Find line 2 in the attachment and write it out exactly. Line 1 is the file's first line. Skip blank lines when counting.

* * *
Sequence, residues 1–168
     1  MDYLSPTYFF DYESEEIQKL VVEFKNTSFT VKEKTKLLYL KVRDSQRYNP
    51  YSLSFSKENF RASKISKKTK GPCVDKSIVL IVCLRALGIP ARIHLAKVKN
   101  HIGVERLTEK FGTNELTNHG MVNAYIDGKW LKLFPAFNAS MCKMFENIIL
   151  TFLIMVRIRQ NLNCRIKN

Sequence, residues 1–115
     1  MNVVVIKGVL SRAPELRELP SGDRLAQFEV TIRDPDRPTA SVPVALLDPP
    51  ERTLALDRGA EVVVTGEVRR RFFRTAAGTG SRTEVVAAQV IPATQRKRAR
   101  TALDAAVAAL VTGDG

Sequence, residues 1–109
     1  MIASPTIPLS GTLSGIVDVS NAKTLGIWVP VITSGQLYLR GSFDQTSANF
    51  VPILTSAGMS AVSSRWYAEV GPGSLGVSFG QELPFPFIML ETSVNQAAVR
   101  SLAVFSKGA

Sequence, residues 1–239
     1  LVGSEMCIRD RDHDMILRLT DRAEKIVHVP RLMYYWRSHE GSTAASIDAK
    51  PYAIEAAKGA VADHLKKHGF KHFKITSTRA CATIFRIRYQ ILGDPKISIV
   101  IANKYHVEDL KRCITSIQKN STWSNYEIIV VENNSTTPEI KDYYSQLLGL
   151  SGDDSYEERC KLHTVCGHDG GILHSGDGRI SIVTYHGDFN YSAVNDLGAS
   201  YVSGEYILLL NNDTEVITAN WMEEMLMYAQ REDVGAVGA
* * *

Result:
     1  MDYLSPTYFF DYESEEIQKL VVEFKNTSFT VKEKTKLLYL KVRDSQRYNP